Adidas AG, the world's second-largest sports goods maker, is confident on consumer demand heading into the Christmas season and ahead of next year's soccer World Cup, after posting an in-line third quarter.
I strongly believe the worst is over, Chief Executive Herbert Hainer said on a conference call on Wednesday.
Hainer expects football fever to start gripping consumers in the fourth quarter as Adidas begins to launch jerseys, the special tournament ball and other equipment, which should lead to at least a small quarterly profit, the CEO said.
Adidas, U.S. bellwether Nike and Puma have been battling dwindling sales across the world as cash-strapped consumers reduce discretionary spending.
To mitigate the impact, Adidas launched a broad cost cutting programme earlier this year, which already showed effect and helped prop up third-quarter net profit, which fell by almost a third, but was in line with analysts' expectations.
Adidas shares rose 3.7 percent to 33.85 euros by 1358 GMT, ranging among the top gainers in Germany's blue-chip DAX index .GDAXI, which was up 1.4 percent.
Analysts pointed to lower inventories and reduced debt. Adidas said it may bring its gearing ratio to below 50 percent by the end of the year -- initially a medium term target -- given a similar cash flow development for the rest of the year.
The major short term trigger is the improvement at inventories, said DZ Bank analyst Herbert Sturm. Adidas should benefit from an expected economic recovery next year as well as from lower sourcing costs and the strong euro, as more than 90 percent of material costs were in dollars, Sturm added.
Last but not least, 2010 soccer World Cup in South Africa will have a positive impact, he said.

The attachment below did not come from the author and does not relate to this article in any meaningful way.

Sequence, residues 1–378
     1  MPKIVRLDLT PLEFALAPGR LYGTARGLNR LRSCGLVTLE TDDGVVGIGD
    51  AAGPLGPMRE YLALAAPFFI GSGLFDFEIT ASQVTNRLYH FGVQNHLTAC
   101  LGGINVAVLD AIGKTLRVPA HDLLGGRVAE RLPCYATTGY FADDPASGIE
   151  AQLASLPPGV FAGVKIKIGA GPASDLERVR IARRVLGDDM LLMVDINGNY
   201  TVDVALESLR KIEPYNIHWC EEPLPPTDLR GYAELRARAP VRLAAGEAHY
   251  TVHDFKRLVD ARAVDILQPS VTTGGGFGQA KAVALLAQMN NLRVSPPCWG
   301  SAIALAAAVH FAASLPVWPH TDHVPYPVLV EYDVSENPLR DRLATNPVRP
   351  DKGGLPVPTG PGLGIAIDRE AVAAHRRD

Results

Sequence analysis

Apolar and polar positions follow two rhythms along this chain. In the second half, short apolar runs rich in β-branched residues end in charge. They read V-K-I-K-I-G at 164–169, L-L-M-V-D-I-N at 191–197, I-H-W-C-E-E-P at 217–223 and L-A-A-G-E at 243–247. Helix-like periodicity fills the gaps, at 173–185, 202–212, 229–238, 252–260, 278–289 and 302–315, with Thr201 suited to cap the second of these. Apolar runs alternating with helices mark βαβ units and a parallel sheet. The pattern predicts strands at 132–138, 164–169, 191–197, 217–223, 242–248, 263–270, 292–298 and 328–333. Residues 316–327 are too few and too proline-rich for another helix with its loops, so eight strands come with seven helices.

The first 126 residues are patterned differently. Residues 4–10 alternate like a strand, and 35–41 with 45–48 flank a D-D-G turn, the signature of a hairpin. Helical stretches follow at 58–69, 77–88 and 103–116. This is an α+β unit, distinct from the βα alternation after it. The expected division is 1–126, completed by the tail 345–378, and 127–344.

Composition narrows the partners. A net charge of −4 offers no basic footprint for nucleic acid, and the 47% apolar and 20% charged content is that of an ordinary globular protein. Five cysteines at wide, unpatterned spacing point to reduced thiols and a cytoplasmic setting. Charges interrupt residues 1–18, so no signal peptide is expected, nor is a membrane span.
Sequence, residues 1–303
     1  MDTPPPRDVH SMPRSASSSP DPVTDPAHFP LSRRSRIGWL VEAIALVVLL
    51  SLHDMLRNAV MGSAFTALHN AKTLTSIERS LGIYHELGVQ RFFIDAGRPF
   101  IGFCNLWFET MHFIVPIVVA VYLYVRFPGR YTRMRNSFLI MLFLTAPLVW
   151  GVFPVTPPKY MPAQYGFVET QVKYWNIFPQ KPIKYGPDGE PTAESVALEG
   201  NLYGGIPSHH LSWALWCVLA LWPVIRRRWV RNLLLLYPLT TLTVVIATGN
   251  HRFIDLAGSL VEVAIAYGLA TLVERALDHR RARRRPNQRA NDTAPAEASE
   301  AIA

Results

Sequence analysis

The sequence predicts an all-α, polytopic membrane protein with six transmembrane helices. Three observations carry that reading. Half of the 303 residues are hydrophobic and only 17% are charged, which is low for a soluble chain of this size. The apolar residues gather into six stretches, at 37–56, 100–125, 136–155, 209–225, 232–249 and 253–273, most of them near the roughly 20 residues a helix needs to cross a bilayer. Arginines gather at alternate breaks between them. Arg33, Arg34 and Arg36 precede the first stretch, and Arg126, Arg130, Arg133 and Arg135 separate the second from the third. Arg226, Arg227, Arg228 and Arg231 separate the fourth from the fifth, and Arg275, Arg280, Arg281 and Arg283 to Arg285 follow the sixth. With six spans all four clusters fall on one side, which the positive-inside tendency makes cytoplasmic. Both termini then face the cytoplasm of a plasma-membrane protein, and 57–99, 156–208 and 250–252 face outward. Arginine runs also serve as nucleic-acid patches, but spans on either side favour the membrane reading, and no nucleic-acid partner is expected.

HOVERING BETWEEN FEAR AND OPTIMISM
Adidas aims for record sales with soccer related products of more than 1.3 billion euros ($1.9 billion) in 2010 on the back of the soccer world cup in South Africa, it reiterated.
Ten teams sponsored by Adidas have already qualified for the tournament, while France and Russia are still in the running.
Consumer and retailer sentiment still hovers between fear and optimism. However, we are well prepared to face any challenges thrown our way and I am cautiously optimistic, Hainer said, declining to give a more concrete outlook for 2010.
Adidas said it still expects 2009 group margins and earnings per share to decline due to higher operating costs and sees group sales down by a mid-single-digit rate. It expects full-year net income at 230 million to 260 million euros.
The global economy would continue to face strong headwinds in the next six to twelve months, Hainer said. Difficulties in key markets like the United States and China would last into the first half of next year, he added.
The world's top athletic shoe and apparel maker, Nike, struck a similarly cautious tone when it reported better than expected quarterly results in September, saying retailers and consumers remained wary going into the holiday season.
However, Adidas' Hainer expects this year's holiday shopping season to be better than last year he said. Not everything is doom and gloom. ... People have heard bad news for twelve months now in a row and they want to have some highlights.
Adidas has countered declines in consumer spending by keeping marketing expenses stable -- unlike Nike -- closing regional offices, slowing expansion and by cutting about 1,000 of its roughly 39,000 jobs in the first quarter.
Chief Financial Officer Robin Stalker said Adidas now expected such measures to cost less than initially anticipated. The programme is set to generate cost savings of more than 100 million euros per year from 2010.
Third-quarter net income fell 29.7 percent to 213 million euros ($314 million), on sales of 2.89 billion euros, down 6.3 percent. Both figures were broadly in line with the average estimate in a Reuters poll of analysts.
Adidas shares trade at 13.8 times 12-month forward earnings, at a discount to Nike, which trades at a multiple of about 16, as investors remain wary of Reebok's weak performance. Reebok's third-quarter operating profit fell 34 percent to 17 million.
Puma is due to report third-quarter results on Monday.
(Reporting by Eva Kuehne and Christian Kraemer; Editing by Michael Shields and Simon Jessop)